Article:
The Tax Plans Are Here

It’s little wonder that the markets finally had a losing week as both the House and Senate released their respective (Republican) versions of the new tax plan(s).  While there are items to both loathe and like in each plan, as is normal, the devil will be in the details.  I spent the better part of last week parsing through the little we know to figure out the personal impact of the proposals.

Bottom line it depends on how a few things will be applied.  I am assuming a worst case scenario in that the new standard deduction will be high enough to prevent itemization in my situation (this blows away property tax, mortgage interest and sales tax).  I’m also assuming foreign dividends will receive no offset.  In this scenario, my tax rate would more than double from last years 9.32%.  Being retired, if necessary I could probably pursue one of two paths to reduce my liability.  The first is to take a one year hit on taxes by accelerating my RMD to reduce subsequent years tax rates to either 0% or 12%.  The other is to create a corporation for my investments as this could (potentially) protect foreign dividends from dual taxation.  One has to decide if the time, effort and cost is beneficial – and which is ultimately best.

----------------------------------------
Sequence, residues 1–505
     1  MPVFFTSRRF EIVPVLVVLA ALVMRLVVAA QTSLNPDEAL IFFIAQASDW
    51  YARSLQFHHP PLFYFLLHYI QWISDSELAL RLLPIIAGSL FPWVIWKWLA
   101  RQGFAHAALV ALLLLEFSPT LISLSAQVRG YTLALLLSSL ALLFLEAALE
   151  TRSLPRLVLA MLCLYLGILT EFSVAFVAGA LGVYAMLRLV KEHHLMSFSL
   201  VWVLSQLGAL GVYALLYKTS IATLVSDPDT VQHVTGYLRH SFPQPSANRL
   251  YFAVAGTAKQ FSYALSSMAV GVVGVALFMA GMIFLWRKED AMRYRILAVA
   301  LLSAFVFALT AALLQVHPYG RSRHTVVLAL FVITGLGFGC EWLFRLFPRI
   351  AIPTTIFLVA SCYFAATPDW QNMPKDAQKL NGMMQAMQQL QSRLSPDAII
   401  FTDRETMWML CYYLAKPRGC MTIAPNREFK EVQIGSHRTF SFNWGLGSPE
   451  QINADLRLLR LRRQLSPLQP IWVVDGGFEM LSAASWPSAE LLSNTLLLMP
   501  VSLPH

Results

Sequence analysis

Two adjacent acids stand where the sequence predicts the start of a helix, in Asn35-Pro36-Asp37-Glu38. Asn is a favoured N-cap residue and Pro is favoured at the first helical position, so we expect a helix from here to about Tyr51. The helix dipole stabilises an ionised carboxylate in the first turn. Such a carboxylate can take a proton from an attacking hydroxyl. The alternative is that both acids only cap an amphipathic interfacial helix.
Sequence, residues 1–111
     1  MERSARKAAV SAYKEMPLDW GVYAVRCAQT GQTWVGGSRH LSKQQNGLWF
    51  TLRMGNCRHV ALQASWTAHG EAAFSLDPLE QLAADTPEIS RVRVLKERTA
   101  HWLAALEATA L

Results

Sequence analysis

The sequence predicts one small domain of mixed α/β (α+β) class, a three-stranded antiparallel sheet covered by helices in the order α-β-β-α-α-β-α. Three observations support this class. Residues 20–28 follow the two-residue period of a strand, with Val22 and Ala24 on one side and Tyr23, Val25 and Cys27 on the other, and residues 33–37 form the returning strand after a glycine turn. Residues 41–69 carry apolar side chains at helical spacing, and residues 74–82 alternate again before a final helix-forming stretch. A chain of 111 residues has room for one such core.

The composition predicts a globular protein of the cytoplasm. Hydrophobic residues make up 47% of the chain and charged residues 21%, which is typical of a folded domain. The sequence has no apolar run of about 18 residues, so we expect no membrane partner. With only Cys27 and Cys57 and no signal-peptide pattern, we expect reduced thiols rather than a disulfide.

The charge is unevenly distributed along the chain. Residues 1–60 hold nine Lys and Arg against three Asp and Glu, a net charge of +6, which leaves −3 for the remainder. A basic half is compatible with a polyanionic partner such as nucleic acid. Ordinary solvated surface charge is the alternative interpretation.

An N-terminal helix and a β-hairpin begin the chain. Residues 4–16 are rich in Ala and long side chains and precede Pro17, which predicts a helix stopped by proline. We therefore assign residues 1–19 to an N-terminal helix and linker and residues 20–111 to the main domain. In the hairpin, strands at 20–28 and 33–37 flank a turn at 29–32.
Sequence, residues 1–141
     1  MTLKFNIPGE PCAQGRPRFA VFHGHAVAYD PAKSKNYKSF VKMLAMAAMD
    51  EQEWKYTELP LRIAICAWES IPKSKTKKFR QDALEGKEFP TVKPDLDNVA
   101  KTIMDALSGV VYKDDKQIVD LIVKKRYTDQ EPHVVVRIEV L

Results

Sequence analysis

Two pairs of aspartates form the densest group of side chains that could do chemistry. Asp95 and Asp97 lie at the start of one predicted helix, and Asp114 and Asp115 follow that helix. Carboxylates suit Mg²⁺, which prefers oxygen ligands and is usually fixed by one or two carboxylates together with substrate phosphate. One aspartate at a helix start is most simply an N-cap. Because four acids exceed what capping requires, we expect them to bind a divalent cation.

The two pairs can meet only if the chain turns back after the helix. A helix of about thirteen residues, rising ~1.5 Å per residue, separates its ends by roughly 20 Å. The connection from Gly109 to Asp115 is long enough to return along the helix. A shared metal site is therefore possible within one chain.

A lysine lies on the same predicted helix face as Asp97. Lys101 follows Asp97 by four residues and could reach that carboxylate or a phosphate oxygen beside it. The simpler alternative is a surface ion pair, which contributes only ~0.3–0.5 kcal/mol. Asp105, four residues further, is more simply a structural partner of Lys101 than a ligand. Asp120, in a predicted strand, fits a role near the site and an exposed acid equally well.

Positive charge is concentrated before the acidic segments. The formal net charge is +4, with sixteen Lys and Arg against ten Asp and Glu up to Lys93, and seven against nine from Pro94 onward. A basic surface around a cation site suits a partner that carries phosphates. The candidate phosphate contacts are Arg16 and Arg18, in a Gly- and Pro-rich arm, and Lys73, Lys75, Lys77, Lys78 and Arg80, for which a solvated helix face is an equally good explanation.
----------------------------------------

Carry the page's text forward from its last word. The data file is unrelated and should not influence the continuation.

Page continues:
I’m sure this thought process will be playing out in the minds of many.  Probably others will be caught unaware.  The unfortunate reality is the impact will be felt differently by everyone – and the rules of the game are still changing.  401Ks, state and local tax offsets and elder care benefits are among the areas at risk.  I would suggest keeping one ear tuned to the debate that will be taking place in Congress.  At a high level, if you’re a trickle-down theorist, you’ll be happy.

In my opinion, what worked – to a degree – in the Reagan years will not work today.  There are two things allied against success – and one of them is not the Democrats.  First the tax rate was significantly higher and the debt (and servicing load) much smaller.  These two factors will result in this effort ending in failure but not, perhaps, before being passed into law.  The Tax Policy Center has stated that Trump’s 2017 plan would reduce GDP after 2024 (thanks to debt service).

Over the years I’ve found that where turmoil and uncertainty exist, opportunity is also resident.  From a business viewpoint I fail to see a benefit to home builders.  I see some clouds over the nursing home industry dependent on tax breaks through their clients.  If we make it through the clouds, there is also some hope – if only there is not too much damage inflicted in the meantime.  Stay tuned and keep your seat belts fastened and over the next few weeks I’ll consider themes that could have some legs if the taxing scheme changes.